William Patrick Corgan's childhood was a tumultuous one. His parents had him when they were 19, his father, a blues-rock musician, was on the road for most of Billy's childhood. His mother, a housewife, ended up giving her three-year-old son to his great-grandmother, who eventually shuffled him over to his paternal grandmother, who soon passed him off on his other grandmother. He was finally deposited back with his father, who had since divorced and remarried. Billy lived with the couple until they divorced two years later and, remarkably, ended up staying with his stepmother for much of his youth, even though both his natural parents lived within a one-mile radius. (He did have one younger brother and two stepbrothers, the youngest of whom was born with a disability; Corgan wrote Siamese Dream's ultrasweet 'Spaceboy' for him.)

Corgan told Rolling Stone last year that his childhood definitely distorted his concept of what love is. "I grew up with my stepmother. My parents were nowhere to be found. There's no getting around that. It definitely makes you go, 'What is love?' They say they love me; love me means don't live with me. I don't understand.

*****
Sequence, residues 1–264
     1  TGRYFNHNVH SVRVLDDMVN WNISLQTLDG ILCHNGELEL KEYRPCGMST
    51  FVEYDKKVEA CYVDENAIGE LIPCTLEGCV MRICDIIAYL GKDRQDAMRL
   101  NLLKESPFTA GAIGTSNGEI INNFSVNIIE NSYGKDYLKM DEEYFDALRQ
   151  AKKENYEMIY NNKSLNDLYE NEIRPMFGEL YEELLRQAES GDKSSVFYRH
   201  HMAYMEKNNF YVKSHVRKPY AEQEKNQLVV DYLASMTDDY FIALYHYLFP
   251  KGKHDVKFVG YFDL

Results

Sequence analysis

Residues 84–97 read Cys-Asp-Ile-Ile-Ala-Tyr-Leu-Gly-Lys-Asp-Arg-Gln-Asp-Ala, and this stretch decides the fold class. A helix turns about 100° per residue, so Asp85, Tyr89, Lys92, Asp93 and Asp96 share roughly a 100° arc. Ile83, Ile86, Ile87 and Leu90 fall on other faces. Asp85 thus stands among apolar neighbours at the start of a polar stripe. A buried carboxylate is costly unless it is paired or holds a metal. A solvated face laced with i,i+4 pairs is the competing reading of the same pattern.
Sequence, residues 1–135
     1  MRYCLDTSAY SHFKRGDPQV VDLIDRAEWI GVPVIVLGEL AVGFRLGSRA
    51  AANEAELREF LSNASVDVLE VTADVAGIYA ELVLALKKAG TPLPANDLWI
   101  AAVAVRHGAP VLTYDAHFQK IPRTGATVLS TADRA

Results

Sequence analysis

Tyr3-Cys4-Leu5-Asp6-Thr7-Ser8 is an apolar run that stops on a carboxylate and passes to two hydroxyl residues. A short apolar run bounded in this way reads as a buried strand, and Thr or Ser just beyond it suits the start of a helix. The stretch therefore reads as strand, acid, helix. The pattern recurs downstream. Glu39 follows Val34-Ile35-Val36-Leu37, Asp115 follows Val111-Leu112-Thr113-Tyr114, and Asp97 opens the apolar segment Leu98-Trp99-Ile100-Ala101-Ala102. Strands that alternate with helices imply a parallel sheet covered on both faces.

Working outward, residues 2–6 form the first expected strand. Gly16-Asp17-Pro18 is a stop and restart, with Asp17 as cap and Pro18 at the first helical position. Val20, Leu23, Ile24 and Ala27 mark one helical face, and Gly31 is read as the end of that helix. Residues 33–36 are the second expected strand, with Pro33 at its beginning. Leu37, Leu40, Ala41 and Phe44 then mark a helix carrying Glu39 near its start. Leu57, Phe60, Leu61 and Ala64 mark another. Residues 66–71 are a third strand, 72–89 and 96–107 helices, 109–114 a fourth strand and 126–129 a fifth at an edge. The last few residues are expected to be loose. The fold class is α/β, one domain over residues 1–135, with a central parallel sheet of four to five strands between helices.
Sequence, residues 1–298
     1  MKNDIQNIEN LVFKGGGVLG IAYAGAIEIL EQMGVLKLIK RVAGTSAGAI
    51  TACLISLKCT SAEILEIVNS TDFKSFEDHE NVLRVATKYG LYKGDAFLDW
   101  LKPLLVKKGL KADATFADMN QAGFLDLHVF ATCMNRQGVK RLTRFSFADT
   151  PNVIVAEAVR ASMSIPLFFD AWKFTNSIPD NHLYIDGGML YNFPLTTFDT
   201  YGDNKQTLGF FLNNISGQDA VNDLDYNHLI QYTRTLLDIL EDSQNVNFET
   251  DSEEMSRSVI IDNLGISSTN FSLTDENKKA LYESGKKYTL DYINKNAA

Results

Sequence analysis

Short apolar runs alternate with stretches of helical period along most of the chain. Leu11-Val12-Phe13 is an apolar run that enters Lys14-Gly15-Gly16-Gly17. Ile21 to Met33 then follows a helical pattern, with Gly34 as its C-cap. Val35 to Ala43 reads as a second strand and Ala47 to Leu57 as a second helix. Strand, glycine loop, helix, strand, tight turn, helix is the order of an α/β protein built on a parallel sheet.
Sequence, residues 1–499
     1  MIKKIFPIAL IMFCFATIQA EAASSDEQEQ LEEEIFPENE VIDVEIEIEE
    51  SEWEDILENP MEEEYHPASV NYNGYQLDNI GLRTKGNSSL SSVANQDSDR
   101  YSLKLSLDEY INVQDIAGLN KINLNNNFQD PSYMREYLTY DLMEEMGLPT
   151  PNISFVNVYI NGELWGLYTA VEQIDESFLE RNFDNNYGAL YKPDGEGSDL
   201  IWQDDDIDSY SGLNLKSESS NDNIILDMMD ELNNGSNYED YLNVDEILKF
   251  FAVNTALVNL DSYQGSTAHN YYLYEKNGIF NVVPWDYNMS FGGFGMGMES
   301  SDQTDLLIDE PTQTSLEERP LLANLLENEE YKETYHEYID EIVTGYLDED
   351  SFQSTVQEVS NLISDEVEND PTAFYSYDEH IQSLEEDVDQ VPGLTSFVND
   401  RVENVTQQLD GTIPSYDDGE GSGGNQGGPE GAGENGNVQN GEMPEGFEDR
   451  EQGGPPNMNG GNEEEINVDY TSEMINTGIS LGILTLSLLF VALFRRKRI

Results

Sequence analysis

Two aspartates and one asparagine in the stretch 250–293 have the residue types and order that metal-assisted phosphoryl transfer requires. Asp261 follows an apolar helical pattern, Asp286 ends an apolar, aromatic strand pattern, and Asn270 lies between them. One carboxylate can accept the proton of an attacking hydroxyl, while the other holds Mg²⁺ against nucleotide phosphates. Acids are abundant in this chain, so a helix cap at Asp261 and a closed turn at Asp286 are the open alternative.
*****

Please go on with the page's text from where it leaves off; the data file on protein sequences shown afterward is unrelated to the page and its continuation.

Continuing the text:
As for music, he grew up listening to his step mom's albums by the Temptations, the Yardbirds, and Stevie Wonder while simultaneously listening to Top 40 bands like Chicago's own Cheap Trick and Earth, Wind, & Fire. He later discovered Black Sabbath, which he notes as one of his biggest influences. The shy Corgan stayed home a lot and read before discovering guitar at age 15. After practicing to become the 'world's best guitarist,' the honor student opted for a career in rock 'n' roll over college.